Lamarr Houston ranks 11th overall in ProFootballFocus' 4-3 defensive end rankings with a score of 11.4 and some big name guys ahead of him on the list. He only had 6 sacks last season with 16 QB hits and 41 QB hurries. Houston started every game as a right defensive tackle.

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Willie Young comes over from Detroit and knows the NFC North, two of his three best games came against the Packers and Minnesota last year. Again, his sacks (4) and hits (8) did not set the NFL on fire but he does rank 16th overall which is a massive upgrade at the position.

Despite the big name signing of Jared Allen, he is the one coming in with the least impressive 2013 season. He ranks just 3 places higher than Julius Peppers at 36th overall. What Jared Allen offers is big play potential and with 13 sacks last season, he is the kind of guy that can draw attention, similar to Julius Peppers when he arrived in Chicago and with Houston and whatever combination is on the field, this can only mean good things for the Bears. He also has the added incentive that he knows the NFC North and the Vikings in particular who could be a surprise package this year.

On The Sideline

New defensive line coach Paul Pasqualoni is getting ready for a very fluid mix of players this upcoming season. With the injuries that occured last year, it would appear that Pasqualoni is getting his defensive linemen to play inside and outside, just in case, there needs to be changes made.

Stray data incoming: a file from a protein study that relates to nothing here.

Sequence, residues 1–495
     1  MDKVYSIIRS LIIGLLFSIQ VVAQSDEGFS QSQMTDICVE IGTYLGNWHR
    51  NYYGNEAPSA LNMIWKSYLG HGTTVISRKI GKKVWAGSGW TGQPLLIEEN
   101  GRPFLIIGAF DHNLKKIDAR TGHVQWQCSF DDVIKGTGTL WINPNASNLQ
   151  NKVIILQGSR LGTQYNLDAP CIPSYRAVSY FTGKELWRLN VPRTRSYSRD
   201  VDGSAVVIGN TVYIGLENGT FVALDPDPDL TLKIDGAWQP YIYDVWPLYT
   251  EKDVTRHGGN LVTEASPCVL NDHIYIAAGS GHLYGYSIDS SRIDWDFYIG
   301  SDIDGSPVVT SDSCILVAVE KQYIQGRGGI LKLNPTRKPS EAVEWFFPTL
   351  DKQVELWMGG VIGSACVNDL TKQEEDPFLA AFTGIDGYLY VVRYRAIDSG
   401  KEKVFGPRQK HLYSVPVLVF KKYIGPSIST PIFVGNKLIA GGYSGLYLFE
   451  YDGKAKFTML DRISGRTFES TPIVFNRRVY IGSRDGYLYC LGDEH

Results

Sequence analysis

He had this to say about Lamarr Houston -

I enjoy working with Lamarr. He’s playing the end position, but in his career at Oakland, he played some inside. He’s a good pass rusher, and he could be a good pass rusher from inside, too. He doesn’t necessarily have to stay outside

You can read the short interview here with the new D-Line coach who was the head coach at Syracuse, defensive line coach at the Miami Dolphins and D Co-ordinator with the Dolphins too.

Another interesting article states that Ego Ferguson will become "The Paul Pasqualoni Project" which seems exciting given the upside of the second round pick.

Conclusion

This was probably the easiest line on the field to write about as so much has happened with big name signings but it does have to be said that Bears management should be applauded for their tenacity in the open market and drafting (and quickly signing) Ferguson and Sutton more recently. Houston, Allen and Young are great additions and it will lead to exciting time for the Bears defensive line in 2014 and beyond.